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In Iceland, a Volcanic Eruption Brings Researchers Closer to Earth’s Core


What do you do when a volcano erupts for the primary time in centuries?

For many individuals on the southern peninsula in Iceland, when the Fagradalsfjall volcano went off in 2021 after 781 years of dormancy, the reply was to take pictures. Because the eruption continued over the course of six months, tourists and locals traveled closer to the volcano to take much more. Red bursts flying out of a black pyramid; the viscous creep of flame.

But this documentation only went up to now. Some scientists desired to know what was happening underneath the surface, miles deep, where light doesn’t reach. There, the flowing rock works in ways in which experts still cannot describe. So on the primary day of the eruption, a helicopter flew out to the location and scooped up a little bit of lava. Some samples were distributed to labs, which, after testing, sent back unexpected results: The lava was filled with crystals.

Recently, with the assistance of comparable samples gathered throughout the Fagradalsfjall eruption, steps have been taken toward characterizing the dynamics under the surface of the oceanic volcano. In a paper published in June within the journal Nature Communications, researchers who observed the chemical composition of the lava crystal samples collected over a six-month period found that they contained a big selection of fabric from different parts of the mantle, the amalgamate layer between the Earth’s crust and core. This sort of variation was unexpected, and it painted a more vivid picture of what contributes to volcanic eruptions.

“We have now a very detailed record of the different sorts of composition that we are able to find within the mantle now, and it have to be very heterogeneous, very variable,” said Frances Deegan, a volcanologist at Uppsala University in Sweden, and a co-author of the paper.

Compositionally, the Fagradalsfjall lava was primitive, meaning it got here from a deep reservoir of magma, or underground lava, not a shallow reservoir within the Earth’s crust. Noticing this, researchers, including Ed Marshall, a geochemist on the University of Iceland, sprinted to assemble more samples because the lava continued to spew out of vents. “We were working all hours — you’re asleep and the volcano’s still erupting and also you’re like, ‘I got to get back on the market,’” said Dr. Marshall. “Nevertheless it’s hard to explain how rare this sort of thing is.”

Fagradalsfjall exists at a confluence of fault lines along a boundary between the Eurasian and North American tectonic plates, some extent where they’re each pulling apart and rubbing against one another. Geological records show that there was periodic volcanic activity within the region about every thousand years, and this most up-to-date fissure was preceded by greater than a yr of earthquakes. Olafur Flovenz, director of the Iceland GeoSurvey, recently published a paper with colleagues that means this activity was not brought on by a body of magma accumulating within the crust, but from carbon dioxide released by deeper magma pooling between the mantle and the crust, in a region called the Mohorovicic discontinuity, or moho.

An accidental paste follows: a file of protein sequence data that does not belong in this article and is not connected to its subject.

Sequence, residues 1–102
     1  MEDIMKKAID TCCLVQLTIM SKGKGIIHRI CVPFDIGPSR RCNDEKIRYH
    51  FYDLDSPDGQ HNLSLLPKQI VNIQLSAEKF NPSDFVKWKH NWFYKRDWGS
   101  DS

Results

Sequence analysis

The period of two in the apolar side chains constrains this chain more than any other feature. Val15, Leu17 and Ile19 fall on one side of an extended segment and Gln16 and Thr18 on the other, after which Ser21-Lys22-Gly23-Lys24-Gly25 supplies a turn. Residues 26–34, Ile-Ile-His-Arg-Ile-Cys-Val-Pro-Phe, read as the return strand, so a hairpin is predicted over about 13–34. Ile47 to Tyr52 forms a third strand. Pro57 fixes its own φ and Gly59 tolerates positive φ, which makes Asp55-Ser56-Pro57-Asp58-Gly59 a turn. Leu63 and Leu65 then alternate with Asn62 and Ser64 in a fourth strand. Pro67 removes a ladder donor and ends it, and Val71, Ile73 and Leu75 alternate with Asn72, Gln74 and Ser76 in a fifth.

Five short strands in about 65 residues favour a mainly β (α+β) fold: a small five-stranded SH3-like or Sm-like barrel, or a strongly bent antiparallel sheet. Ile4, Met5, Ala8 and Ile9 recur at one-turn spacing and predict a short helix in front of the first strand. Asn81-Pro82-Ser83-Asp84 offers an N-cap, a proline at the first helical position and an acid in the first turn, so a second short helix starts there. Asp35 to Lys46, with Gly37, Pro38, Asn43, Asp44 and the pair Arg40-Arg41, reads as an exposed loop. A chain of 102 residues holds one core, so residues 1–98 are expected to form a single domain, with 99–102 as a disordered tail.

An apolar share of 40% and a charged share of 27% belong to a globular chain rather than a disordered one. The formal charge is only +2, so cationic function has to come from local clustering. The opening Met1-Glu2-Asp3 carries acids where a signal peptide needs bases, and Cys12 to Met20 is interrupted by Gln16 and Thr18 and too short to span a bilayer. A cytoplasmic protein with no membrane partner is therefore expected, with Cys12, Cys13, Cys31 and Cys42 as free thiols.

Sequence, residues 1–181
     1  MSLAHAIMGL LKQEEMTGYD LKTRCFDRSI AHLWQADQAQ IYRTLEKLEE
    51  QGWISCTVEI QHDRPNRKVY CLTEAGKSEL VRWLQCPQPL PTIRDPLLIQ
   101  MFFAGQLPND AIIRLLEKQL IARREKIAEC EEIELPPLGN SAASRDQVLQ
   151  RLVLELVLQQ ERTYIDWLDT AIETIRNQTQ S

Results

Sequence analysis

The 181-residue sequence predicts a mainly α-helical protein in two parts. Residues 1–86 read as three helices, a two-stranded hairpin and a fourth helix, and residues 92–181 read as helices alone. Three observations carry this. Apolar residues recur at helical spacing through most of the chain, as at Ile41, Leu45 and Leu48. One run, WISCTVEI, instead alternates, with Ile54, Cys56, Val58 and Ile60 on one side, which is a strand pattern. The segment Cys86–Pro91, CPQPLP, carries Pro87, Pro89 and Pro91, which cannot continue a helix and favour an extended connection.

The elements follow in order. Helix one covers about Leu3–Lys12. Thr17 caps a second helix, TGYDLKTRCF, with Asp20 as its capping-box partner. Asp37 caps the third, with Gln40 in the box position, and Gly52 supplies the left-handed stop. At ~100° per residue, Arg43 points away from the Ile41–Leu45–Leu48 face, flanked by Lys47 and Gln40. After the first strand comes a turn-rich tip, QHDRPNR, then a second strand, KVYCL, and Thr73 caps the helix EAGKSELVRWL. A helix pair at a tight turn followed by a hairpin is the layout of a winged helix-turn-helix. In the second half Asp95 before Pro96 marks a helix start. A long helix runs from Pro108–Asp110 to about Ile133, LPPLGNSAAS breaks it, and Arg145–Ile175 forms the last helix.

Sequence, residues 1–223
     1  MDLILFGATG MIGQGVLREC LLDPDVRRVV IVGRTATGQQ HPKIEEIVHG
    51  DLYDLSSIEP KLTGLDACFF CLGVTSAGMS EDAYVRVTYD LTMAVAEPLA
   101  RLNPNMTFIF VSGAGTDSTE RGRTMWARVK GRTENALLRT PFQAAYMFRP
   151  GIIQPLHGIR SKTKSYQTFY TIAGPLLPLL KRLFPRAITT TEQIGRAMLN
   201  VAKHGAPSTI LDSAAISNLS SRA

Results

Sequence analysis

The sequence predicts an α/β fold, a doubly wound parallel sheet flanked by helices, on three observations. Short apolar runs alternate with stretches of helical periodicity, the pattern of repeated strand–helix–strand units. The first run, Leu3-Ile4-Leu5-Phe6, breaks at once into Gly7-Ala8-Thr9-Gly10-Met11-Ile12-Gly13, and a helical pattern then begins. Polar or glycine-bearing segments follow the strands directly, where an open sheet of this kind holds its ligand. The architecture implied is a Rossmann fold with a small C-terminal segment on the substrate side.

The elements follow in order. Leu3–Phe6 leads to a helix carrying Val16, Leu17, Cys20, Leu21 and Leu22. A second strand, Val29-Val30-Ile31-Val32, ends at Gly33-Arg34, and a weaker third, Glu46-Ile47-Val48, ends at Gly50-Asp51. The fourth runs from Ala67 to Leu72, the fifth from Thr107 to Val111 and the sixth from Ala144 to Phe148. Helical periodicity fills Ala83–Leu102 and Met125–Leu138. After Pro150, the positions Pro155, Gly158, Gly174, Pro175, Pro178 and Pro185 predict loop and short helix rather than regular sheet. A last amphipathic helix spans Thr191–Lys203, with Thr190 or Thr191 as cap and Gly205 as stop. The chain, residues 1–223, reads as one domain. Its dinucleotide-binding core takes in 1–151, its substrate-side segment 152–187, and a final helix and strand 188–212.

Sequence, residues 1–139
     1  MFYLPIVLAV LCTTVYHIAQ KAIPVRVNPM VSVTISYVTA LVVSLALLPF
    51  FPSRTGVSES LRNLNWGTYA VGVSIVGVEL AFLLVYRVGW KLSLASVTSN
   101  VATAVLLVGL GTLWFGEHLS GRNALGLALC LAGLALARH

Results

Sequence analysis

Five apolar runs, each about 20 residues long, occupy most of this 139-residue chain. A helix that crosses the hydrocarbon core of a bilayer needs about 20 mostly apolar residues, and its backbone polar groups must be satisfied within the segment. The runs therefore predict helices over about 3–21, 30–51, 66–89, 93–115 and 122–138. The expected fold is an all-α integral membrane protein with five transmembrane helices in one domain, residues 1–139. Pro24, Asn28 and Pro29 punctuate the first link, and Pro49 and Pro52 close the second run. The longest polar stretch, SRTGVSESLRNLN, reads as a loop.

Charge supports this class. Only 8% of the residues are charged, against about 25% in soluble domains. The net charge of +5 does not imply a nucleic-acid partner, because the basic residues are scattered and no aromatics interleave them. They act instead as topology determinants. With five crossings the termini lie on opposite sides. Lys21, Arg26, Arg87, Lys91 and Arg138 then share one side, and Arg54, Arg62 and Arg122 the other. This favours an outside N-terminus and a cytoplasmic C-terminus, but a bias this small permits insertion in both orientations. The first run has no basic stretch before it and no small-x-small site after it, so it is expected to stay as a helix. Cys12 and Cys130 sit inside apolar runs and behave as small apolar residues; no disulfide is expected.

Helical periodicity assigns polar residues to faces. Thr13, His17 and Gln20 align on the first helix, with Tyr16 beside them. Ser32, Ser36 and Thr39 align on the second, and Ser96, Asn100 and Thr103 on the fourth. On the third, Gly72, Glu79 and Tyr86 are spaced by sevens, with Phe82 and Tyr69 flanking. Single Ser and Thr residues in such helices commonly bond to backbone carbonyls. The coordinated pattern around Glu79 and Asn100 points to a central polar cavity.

Normally, volcanic eruptions occur when plenty of small magma flows mix together. “This mixing process is a vital geologic process, but it surely’s never been directly observed,” said Dr. Marshall. It occurs so deep under the surface and most of the chemical signatures of individual flows are lost because the magma moves up through the crust. But when Fagradalsfjall erupted in 2021, the molten rock and crystals that shot as much as the surface got here directly from the moho. “For the primary time, roughly, we’re taking a look at an energetic eruption on our oceanic crust where the lava is directly erupting from the mantle source,” Dr. Flovenz said.

In comparison with other oceanic volcanoes, Fagradalsfjall’s vents were relatively easy to access, and its 2021 eruption was fairly tame. Researchers like Dr. Marshall, who didn’t contribute to either paper but has a forthcoming article on the identical subject with a gaggle of collaborators on the University of Iceland, say these studies could essentially reach right into the mantle and capture otherwise hidden dynamic processes “like lightning in a bottle.”

Dr. Deegan and her collaborator, Ilya Bindeman, a geochemist on the University of Oregon, worked with other researchers on the bottom at Fagradalsfjall to research the lava. They found that not only were the chemicals incredibly varied over time, suggesting that many various parts of the mantle had combined within the eruption, but additionally that the oxygen isotopes were virtually equivalent across these samples. This contributes to an extended standing technical inquiry into the source of Iceland’s mysteriously low levels of oxygen-18, an isotope often present in volcanic rock. Dr. Bindeman said that scientists have been debating for greater than half a century whether this might be attributed to a scarcity of the isotope within the mantle. “We found that the depletion happens some place else,” he said.

Dr. Marshall and his colleagues have also been using the lava samples to explain mixing and melting processes in magma reservoirs, which was not done in essentially the most recent paper.

“These are very exciting times,” said Dr. Flovenz, who began studying Icelandic volcanoes in 1973. “I had never had the hope that I’d live to see this unrest and eruptions on this peninsula. This has been extremely interesting for the geosciences community.”

“It’s a completely amazing eruption for our field,” said Dr. Marshall, “and it’s one in every of those things that can be studied for a very long time.”

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